Meristem Land and Science: Driving Progress in Sustainability


Rise of assessment and audit programs

The next frontier in proving good welfare is fast approaching, with several key approaches in use or taking shape in the U.S. and Canada

Posted: April 5, 2013

There is wide variation in the type, depth and sophistication of the assessment and audit models out there today, says Dr. James Reynolds of the College of Veterinary Medicine, Western University in Ponoma, California.

One of the most commonly cited reference points underlying the various approaches is the "five freedoms" concept that farm animals should have freedom from hunger and thirst; freedom from discomfort; freedom from pain, injury or disease; freedom to express normal behavior; and freedom from fear and distress.

At a broad level, approaches to assessments or audits typically focus on one or more of three types of factors. These include physical attributes such as physiology or production measures; natural environment factors such as the ability of animals to express 'normal' behaviours; or animal feelings such as how the animal experiences pleasant or unpleasant situations.

The terms assessment and audit are sometimes used interchangeably but typically assessments are more associated with general monitoring and improvement while audits have a stronger 'test' element aimed at determining compliance with particular standards or certification programs.

List of examples growing

Relevant to the U.S. dairy industry alone, there are a number of high profile assessment or audit programs in place, including the American Humane Certified program of the American Humane Association, the National Dairy FARM Program and regional programs such as the New York State Cattle Health Assurance Program.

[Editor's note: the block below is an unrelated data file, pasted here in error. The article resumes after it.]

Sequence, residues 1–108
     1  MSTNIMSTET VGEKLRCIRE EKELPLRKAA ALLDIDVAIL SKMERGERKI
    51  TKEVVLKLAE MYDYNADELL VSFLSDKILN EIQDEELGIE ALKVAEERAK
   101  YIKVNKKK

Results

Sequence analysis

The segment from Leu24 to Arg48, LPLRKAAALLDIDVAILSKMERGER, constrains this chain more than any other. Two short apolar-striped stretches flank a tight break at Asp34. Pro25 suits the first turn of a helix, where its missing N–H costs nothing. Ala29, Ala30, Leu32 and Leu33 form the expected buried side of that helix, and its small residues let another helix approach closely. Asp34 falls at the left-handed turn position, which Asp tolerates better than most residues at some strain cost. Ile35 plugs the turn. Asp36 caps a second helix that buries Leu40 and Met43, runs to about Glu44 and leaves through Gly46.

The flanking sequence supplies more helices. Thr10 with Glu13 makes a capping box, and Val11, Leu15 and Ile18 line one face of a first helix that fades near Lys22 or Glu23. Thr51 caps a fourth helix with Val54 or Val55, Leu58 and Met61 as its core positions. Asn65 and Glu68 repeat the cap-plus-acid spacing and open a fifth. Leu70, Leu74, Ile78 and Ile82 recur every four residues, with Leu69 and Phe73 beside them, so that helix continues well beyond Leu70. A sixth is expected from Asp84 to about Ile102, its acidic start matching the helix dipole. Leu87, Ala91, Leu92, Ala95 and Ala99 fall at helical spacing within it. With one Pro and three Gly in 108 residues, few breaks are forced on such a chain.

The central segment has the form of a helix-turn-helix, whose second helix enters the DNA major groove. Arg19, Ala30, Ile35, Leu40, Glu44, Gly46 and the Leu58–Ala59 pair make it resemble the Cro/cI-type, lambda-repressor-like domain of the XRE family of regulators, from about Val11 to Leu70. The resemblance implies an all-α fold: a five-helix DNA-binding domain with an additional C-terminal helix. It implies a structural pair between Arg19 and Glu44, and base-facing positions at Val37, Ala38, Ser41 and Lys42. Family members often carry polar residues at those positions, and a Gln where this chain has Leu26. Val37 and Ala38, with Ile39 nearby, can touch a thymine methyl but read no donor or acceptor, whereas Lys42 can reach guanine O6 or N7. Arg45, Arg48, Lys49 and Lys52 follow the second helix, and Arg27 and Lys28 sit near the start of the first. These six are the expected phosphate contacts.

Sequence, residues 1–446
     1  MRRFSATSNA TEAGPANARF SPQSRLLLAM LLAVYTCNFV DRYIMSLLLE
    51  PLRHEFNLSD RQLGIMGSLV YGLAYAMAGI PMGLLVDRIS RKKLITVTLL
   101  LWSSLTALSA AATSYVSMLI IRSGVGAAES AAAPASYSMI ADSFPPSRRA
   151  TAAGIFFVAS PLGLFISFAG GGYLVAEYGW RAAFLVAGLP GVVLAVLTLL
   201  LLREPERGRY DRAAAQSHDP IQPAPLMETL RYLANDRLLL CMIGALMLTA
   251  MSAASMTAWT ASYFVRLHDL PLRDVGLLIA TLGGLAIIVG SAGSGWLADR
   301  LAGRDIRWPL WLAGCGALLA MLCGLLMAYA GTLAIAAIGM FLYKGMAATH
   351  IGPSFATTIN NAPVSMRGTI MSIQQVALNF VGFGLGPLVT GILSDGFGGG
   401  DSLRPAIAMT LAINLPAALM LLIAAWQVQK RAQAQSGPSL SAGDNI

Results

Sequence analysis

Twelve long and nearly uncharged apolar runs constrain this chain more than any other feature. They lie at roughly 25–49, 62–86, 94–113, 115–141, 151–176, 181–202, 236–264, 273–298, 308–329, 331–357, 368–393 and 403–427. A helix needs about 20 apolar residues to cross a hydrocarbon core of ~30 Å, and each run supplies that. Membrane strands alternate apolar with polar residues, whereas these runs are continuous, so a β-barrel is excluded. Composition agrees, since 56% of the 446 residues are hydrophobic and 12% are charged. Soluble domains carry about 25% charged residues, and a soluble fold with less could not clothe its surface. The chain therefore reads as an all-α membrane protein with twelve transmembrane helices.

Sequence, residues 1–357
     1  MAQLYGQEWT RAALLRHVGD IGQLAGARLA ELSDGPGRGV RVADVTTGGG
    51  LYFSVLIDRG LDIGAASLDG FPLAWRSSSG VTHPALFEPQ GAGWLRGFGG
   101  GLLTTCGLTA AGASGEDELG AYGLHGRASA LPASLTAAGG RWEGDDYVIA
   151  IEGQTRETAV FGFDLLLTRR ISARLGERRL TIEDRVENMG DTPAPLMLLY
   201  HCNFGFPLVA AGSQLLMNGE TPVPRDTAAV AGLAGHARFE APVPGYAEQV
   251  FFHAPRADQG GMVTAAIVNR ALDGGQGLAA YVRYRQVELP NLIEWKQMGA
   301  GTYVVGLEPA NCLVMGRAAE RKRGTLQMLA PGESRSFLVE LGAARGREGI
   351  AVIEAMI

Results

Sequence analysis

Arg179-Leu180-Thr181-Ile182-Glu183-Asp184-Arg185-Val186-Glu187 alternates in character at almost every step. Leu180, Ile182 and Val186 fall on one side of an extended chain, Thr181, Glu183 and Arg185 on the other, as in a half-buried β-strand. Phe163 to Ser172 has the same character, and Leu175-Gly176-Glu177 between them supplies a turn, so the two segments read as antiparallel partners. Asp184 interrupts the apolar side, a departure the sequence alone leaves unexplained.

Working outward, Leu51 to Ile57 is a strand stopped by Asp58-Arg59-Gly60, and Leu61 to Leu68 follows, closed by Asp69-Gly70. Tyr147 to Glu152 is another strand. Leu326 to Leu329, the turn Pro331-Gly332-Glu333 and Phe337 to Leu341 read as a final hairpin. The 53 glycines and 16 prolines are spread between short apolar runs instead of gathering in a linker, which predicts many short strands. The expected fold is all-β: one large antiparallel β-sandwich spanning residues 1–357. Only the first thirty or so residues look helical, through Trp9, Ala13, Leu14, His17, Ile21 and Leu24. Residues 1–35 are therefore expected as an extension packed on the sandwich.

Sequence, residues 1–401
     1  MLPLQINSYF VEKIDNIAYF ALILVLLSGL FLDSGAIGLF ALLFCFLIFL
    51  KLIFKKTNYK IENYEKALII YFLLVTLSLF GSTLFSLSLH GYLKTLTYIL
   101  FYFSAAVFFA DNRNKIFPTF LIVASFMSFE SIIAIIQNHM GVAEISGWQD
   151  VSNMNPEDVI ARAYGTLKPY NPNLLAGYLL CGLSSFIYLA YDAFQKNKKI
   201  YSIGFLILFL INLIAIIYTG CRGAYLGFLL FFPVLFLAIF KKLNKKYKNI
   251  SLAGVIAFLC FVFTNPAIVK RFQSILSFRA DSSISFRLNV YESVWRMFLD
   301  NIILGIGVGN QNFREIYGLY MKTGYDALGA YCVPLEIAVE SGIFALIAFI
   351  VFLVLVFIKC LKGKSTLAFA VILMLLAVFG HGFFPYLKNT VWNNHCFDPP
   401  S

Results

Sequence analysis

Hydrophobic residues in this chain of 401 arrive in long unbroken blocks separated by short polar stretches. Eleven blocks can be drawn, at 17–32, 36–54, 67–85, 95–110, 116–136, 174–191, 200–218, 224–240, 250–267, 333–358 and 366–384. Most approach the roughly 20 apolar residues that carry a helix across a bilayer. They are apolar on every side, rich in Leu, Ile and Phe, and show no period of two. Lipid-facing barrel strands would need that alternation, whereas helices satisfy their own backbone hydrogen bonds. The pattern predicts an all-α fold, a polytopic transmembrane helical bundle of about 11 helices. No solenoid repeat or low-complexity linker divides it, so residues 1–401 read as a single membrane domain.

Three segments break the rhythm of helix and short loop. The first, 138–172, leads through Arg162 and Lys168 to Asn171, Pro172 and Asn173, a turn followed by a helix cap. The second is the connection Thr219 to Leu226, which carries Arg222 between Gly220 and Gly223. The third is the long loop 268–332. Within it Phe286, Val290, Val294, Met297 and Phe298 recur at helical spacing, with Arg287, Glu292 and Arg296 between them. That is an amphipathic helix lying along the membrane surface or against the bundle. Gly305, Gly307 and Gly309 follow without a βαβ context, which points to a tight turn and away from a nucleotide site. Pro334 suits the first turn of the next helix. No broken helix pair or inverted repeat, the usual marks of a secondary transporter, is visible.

There are also a steadily growing number of companies and organizations offering animal welfare assessment and audit services as well as certification programs across different livestock species. One key example is Validus, a program that provides an assessment phase followed by an audit phase. Another is the Professional Animal Auditor Certification Organization (PAACO), which certifies on-farm welfare auditing programs and certifies the qualifications and training of auditors. Reynolds was a founding board member of PAACO.

In Canada, a major focus of activity at a national level is the Animal Care Assessment Model process that has been coordinated through the National Farm Animal Care Council. The dairy sector is the first to develop a pilot assessment program using this model framework while other sectors are watching closely and considering a similar approach.

Real results take real planning and investment

"For industry standards to be successful, it must be clear that the welfare and interests of the animals have appropriate weight relative to the humane use of the animals," says Reynolds. "Producers must also believe the standards are established and administered fairly. And, perhaps most important, consumers must have confidence that the standards are taken seriously and that livestock producers will follow the recommended practices."

It's essential to not get too far behind consumer expectations, he says. That takes planning and, yes, investment too at the producer level. "The question is: Are you going to be in the livestock business in the next five years or 10 years? If so, you may need to do some things differently because you've got to be positioned for the next version of expectations. You may need to set aside some of your working capital to be ready to make changes. But it's a necessary part of doing business that strengthens and benefits you in the long run."

Reprintable with credit. This article is available for reprint, with acknowledgement of the source as Meristem Land and Science, www.meristem.com.

Meristem is a Calgary-based communications firm that specializes in writing about western agriculture, food and land use. More articles at www.meristem.com.




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